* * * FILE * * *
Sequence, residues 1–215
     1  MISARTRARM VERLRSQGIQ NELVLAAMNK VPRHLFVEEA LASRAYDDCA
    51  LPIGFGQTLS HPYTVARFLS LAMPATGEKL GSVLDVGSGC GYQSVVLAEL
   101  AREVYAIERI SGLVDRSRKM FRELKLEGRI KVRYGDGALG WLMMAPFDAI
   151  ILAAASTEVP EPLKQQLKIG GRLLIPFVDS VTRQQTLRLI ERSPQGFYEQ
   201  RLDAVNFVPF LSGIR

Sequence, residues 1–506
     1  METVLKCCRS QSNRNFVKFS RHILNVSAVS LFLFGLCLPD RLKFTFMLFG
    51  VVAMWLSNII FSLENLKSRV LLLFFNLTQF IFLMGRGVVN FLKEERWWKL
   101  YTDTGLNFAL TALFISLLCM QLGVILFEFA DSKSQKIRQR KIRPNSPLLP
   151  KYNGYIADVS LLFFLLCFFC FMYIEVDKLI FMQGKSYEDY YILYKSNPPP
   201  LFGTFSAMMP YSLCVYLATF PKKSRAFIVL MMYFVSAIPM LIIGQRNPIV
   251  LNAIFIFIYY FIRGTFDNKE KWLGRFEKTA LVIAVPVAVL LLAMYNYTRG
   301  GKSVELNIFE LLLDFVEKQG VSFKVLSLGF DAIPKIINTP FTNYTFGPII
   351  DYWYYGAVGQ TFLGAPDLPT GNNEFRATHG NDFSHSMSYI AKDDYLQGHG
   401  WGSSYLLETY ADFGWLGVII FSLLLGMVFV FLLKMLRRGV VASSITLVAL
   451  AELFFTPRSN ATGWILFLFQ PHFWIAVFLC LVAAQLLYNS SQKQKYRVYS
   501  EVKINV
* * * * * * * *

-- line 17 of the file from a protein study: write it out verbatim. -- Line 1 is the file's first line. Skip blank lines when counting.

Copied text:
   451  AELFFTPRSN ATGWILFLFQ PHFWIAVFLC LVAAQLLYNS SQKQKYRVYS